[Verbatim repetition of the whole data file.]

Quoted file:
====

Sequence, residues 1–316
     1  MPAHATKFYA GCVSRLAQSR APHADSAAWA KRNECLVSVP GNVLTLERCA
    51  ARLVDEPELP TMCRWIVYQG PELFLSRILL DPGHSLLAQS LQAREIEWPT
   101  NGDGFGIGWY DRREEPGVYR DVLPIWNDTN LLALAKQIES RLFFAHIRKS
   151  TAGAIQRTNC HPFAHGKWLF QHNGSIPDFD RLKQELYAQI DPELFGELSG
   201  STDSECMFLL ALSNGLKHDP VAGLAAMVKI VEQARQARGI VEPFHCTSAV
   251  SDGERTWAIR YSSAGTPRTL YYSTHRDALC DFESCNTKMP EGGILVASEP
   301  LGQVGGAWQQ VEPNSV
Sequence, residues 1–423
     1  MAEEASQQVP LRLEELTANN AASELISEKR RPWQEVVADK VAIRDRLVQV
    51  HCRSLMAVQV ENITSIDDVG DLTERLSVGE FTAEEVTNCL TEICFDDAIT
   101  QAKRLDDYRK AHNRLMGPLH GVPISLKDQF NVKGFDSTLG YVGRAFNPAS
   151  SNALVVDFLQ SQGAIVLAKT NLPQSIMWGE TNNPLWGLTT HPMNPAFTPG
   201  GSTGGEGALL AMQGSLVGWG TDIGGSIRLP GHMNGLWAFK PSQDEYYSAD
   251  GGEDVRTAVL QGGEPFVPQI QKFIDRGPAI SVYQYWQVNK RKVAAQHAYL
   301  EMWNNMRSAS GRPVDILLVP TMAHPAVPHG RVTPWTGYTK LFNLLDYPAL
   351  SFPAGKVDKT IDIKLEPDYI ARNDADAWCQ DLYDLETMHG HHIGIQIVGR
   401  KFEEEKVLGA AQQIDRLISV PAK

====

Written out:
Sequence, residues 1–316
     1  MPAHATKFYA GCVSRLAQSR APHADSAAWA KRNECLVSVP GNVLTLERCA
    51  ARLVDEPELP TMCRWIVYQG PELFLSRILL DPGHSLLAQS LQAREIEWPT
   101  NGDGFGIGWY DRREEPGVYR DVLPIWNDTN LLALAKQIES RLFFAHIRKS
   151  TAGAIQRTNC HPFAHGKWLF QHNGSIPDFD RLKQELYAQI DPELFGELSG
   201  STDSECMFLL ALSNGLKHDP VAGLAAMVKI VEQARQARGI VEPFHCTSAV
   251  SDGERTWAIR YSSAGTPRTL YYSTHRDALC DFESCNTKMP EGGILVASEP
   301  LGQVGGAWQQ VEPNSV
Sequence, residues 1–423
     1  MAEEASQQVP LRLEELTANN AASELISEKR RPWQEVVADK VAIRDRLVQV
    51  HCRSLMAVQV ENITSIDDVG DLTERLSVGE FTAEEVTNCL TEICFDDAIT
   101  QAKRLDDYRK AHNRLMGPLH GVPISLKDQF NVKGFDSTLG YVGRAFNPAS
   151  SNALVVDFLQ SQGAIVLAKT NLPQSIMWGE TNNPLWGLTT HPMNPAFTPG
   201  GSTGGEGALL AMQGSLVGWG TDIGGSIRLP GHMNGLWAFK PSQDEYYSAD
   251  GGEDVRTAVL QGGEPFVPQI QKFIDRGPAI SVYQYWQVNK RKVAAQHAYL
   301  EMWNNMRSAS GRPVDILLVP TMAHPAVPHG RVTPWTGYTK LFNLLDYPAL
   351  SFPAGKVDKT IDIKLEPDYI ARNDADAWCQ DLYDLETMHG HHIGIQIVGR
   401  KFEEEKVLGA AQQIDRLISV PAK